Tuesday, October 10, 2006

Edmund Phelps, Meet Harry Hopkins

Edmund Phelps, the 2006 winner of the Nobel Prize in economics has probably heard of Harry Hopkins (maybe he even quotes him in his book). But the similarities between things they both said are interesting. This hardly means that Phelps copied Hopkins. The fascinating thing is that similar issues were being discussed so long ago.

In a 1935 NY Times article, Harry Hopkins, Federal Emergency Relief Administrator was quoted:

"There are those who tell us that we should avoid relief. They say that straight relief is cheaper. No one will deny this contention. It costs money to put a man to work. Apparently, to the advocates of direct relief the primary object of relief is to save the government money. The ultimate humane cost to the government never occurs to them-of a continued situation through which its citizens lose their sense of independence and strength and their sense of individual destiny. Work preserves a man's morale. It saves his skill. It gives him a chance to do something socially useful."

(if you have access to Proquest or some data base like that, you can find this article-some information on it is below)

Below is a quote from the Chronicle of Higher Education (Monday, October 9, 2006-extra email edition)on Phelps winning the Nobel Prize:

"In a 1972 book, he suggested that large spikes in unemployment might have irreversible destructive consequences, as workers' skills and morale deteriorated while they sat at home. Just as inflation can have cancerous effects on business owners' long-term expectations, he suggested, unemployment can have poisonous effects on workers' long-term hopes.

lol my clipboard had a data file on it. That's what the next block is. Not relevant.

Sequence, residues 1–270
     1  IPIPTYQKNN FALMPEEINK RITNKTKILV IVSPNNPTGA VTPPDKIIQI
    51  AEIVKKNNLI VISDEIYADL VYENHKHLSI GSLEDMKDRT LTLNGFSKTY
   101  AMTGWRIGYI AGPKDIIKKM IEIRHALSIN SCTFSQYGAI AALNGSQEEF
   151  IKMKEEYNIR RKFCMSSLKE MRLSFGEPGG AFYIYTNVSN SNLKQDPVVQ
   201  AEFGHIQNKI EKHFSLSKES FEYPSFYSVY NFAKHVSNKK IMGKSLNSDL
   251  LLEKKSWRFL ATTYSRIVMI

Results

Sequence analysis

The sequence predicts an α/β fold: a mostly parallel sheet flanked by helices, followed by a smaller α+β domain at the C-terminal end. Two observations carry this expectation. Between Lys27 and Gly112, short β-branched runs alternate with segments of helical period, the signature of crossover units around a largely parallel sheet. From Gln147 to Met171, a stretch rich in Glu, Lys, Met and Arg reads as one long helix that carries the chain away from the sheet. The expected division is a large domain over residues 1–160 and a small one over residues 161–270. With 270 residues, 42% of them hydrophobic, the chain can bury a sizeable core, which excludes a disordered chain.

More recently, Mr. Phelps has put forward an idiosyncratic public-policy proposal: He would like the federal government to provide tax subsidies to businesses that hire low-wage workers. His idea is to raise wages for low-skilled workers just high enough that many more of them will be interested in taking jobs.

In Rewarding Work: How to Restore Participation and Self-Support to Free Enterprise (Harvard University Press, 1997), he argued that his proposed subsidies would make labor markets tighter and would have wide-ranging social benefits, including reduced crime. "The subsidies would have the 'multiplier effect,'" he wrote, "of alleviating the pessimism and poor preparation that tend to spread like a contagion in poor communities."

In an interview with The Chronicle in 2003, Mr. Phelps explained one reason why he believes that the federal subsidies should be paid to employers, rather than being given directly to low-wage workers, as in the Earned Income Tax Credit. "It's better for the worker to see the total compensation coming from the firm," he said. "I think that adds to self-respect if the worker is not constantly reminded that you're in a special program -- that, look, you're a low-productivity guy and that's why your employer is only paying you nickels and dimes" (The Chronicle, January 16, 2004). "

Article information THE ROAD TO RECOVERY: SPENDING OR SAVING?; The Debate Is Renewed Between Those Who Advocate Large Expenditures for Public Works and Those Who Insist That Steps Should Be Taken to Balance the Budget and Encourage Private Business By HENRY HAZLITT.. New York Times (1857-Current. Jan 6, 1935. p. XX1 (1 page)